Tricks of the Trade

02 Mar

Maine (2)

When I read a book, I want to be transported to wherever the characters are–pulled into the setting so deeply I can smell, taste, hear, see, and feel everything they do. So when I write, my goal is to give my readers that experience. I’m a stickler for details when it comes to setting and sometimes I have to use a few tricks to get in “the zone.” Though I always use fictional towns for my books, they are located in very real places, and today I’d like to share a few of my setting secrets with you.

Travel Guides
Once I decide on a particular setting, I order a travel guide from that state. I immerse myself in it, become familiar with the landscape, the attractions, the history, and the culture. I keep it by my laptop as I write the story and refer to it often. These travel guides generally come with a map, which is also helpful. Plus, I get great vacation ideas!

Nature Music
If I’m really struggling to get in “the zone,” I’ll break out the iPod and play nature music from a similar type of setting. For example, if I’m writing a story set on the coast, I’ll listen to ocean waves and other kinds of moving water. If I’m writing a story set in the mountains, I’ll listen to birds chirping, bubbling brooks, and even bluegrass. This helps release any tension that may be causing writer’s block and allows me feel my setting.

Scented Candles
I have a strong sense of smell and strangely my nose is sometimes linked to memories. So I often rely on scented candles to help me with my setting. If my book is set in the country during summer, I’ll burn a Fresh Linen or Wildflower scent. If the story takes place during Christmas, I’ll burn a Balsam and Cedar or Fresh Snow scent. You get the idea!

YouTube Videos or DVD’s
If I need to get a sense of dialect for that region of the country, I’ll watch YouTube videos or PBS and National Geographic DVD’s from my local library to help immerse myself in the setting. And if I’ve been to that area in person, I’ll pull out old home videos to get reacquainted with the area. Yes, I said videos, as in VHS tapes. 😉

As tough as this trick is, I’ve even resorted to cooking and eating food from that particular setting. For a story I wrote set in coastal Maine, we enjoyed fresh lobster and my new favorite snack, a Fluffernutter. Google it, it’s fantastic! For my current story set in South Dakota on a cattle farm, we’re enjoying lots of steak.

I’ll often Google the setting, then browse the nature and landscape images before I begin writing. This helps me to transport (in my mind) to my setting. Because if I don’t feel it, my readers won’t either.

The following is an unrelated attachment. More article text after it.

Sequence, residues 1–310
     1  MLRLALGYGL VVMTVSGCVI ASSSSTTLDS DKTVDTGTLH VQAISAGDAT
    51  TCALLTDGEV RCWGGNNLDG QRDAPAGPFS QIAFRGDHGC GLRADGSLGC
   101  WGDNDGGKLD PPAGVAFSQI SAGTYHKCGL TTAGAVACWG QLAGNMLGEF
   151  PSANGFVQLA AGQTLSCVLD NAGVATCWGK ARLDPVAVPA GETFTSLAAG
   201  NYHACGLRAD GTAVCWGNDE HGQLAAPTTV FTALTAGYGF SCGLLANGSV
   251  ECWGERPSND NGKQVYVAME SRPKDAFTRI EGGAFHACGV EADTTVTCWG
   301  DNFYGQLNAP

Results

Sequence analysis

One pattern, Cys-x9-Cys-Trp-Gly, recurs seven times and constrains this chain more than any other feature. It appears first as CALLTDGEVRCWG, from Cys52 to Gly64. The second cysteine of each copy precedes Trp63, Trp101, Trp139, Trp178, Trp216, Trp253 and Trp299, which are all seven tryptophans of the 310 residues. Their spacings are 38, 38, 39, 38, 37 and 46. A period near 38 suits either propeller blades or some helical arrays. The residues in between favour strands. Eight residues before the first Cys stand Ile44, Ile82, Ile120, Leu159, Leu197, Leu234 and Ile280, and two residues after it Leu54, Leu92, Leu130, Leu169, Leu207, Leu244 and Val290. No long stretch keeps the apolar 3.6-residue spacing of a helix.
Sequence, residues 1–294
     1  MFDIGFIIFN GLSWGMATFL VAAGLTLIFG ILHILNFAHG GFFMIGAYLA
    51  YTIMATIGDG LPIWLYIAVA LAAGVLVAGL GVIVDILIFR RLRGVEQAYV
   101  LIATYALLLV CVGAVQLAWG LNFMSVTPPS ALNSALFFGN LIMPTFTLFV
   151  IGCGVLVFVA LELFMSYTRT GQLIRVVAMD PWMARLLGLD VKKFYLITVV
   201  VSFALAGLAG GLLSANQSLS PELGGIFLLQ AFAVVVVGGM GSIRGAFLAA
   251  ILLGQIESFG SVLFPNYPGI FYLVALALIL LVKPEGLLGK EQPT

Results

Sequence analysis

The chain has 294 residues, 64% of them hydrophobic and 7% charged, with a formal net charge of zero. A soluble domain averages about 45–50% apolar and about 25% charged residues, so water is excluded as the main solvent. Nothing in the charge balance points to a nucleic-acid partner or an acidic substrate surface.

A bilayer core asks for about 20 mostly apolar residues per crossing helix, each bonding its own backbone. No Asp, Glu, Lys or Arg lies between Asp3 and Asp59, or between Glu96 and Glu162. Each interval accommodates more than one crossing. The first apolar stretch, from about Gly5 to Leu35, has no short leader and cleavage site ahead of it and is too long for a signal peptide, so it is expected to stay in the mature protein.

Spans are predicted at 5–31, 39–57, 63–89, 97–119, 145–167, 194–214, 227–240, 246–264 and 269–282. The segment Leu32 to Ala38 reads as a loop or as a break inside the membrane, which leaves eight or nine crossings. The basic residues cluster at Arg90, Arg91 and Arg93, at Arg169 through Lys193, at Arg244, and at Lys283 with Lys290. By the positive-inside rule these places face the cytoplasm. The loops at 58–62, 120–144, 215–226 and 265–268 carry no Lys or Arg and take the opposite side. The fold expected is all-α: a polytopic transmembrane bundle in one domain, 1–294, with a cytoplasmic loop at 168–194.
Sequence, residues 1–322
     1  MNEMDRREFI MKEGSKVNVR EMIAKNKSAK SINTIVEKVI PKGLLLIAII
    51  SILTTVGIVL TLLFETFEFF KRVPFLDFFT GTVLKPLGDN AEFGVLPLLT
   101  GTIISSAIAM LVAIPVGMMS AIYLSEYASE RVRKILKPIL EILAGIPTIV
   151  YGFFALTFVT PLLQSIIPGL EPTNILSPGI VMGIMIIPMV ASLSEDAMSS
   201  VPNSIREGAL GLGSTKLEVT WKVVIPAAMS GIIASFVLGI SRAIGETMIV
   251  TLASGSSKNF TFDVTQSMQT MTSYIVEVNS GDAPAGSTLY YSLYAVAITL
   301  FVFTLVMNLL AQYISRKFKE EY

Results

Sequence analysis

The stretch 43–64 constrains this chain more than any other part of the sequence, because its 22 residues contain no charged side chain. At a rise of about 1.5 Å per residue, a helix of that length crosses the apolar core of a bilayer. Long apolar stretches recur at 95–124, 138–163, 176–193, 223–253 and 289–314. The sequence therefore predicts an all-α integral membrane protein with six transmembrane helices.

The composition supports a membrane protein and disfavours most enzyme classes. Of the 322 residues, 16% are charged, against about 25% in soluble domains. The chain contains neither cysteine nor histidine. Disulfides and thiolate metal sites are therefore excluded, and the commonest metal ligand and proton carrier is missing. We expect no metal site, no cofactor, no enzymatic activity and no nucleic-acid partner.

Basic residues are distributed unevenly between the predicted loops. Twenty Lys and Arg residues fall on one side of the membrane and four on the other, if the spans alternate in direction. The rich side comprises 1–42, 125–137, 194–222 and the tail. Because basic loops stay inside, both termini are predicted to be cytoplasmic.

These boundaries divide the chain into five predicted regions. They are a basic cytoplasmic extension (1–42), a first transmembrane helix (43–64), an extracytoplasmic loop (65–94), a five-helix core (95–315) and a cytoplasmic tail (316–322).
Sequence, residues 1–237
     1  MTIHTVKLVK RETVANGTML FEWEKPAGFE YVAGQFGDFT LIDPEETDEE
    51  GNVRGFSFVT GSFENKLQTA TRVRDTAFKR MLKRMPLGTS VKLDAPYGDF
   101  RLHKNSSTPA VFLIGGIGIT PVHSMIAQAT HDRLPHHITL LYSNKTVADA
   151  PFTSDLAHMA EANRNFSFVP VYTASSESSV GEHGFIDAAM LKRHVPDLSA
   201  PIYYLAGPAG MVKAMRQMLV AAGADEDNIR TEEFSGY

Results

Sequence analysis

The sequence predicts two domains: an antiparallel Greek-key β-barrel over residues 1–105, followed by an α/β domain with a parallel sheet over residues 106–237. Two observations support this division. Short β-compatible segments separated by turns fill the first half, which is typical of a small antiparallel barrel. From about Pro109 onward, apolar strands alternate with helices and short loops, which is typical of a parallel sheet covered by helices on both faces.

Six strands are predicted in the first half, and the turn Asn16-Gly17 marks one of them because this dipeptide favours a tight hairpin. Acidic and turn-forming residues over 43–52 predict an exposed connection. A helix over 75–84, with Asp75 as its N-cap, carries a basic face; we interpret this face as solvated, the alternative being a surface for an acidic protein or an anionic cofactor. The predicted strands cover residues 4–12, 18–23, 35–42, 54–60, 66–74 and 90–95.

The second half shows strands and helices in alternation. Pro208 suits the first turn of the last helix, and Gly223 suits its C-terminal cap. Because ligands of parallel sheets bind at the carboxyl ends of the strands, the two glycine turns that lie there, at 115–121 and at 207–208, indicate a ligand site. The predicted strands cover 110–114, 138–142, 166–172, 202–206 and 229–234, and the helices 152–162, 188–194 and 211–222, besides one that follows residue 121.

Do you have writing tricks you rely on?


~ Candice Sue Patterson is the author of Silver White Winters and Bright Copper Kettles, both contemporary romances from Pelican Book Group. When she’s not tending to her chickens, splitting wood, or decorating cakes, she’s working on a new story. To learn more visit


Posted by on March 2, 2015 in Candice Sue Patterson, Writing


8 responses to “Tricks of the Trade

  1. jerichakingston

    March 2, 2015 at 7:11 am

    These are excellent writing tips, Candice. No wonder you’re such an excellent author! Twice this week, I’ve heard from authors who use music to get in ‘the zone’. I’ll be using this strategy. Thank you!


  2. Robin Patchen

    March 2, 2015 at 7:57 am

    Great ideas, Candice. I think I at a Fluffernutter sandwich every day for lunch for a couple of years. The very idea takes me back to that little house on Jolly Lane in New Hampshire.


    • Candice Sue Patterson

      March 2, 2015 at 3:07 pm

      My kids have been enjoying them too, Robin. It’s become their favorite after school snack. They’re definitely addicting!


  3. Pegg Thomas

    March 2, 2015 at 8:14 am

    All good ideas, Candice. The link between memories and smells is well documented. It’s a powerful link!


    • Candice Sue Patterson

      March 2, 2015 at 3:09 pm

      Good to know I’m not alone in that, Pegg! I have to stay away from the food scented candles, though. At least when I’m writing. Otherwise, I can’t stay away from the fridge long enough to write. 🙂


  4. Marge Wiebe

    March 2, 2015 at 9:07 pm

    I love the idea of using travel guides–never thought to try that! I listen to Celtic music when I’m working on my medieval romance and it always gets me “in the zone”.


  5. candicesuepatterson

    March 4, 2015 at 9:13 am

    How relaxing and inspiring at the same time, Marge. Great idea!



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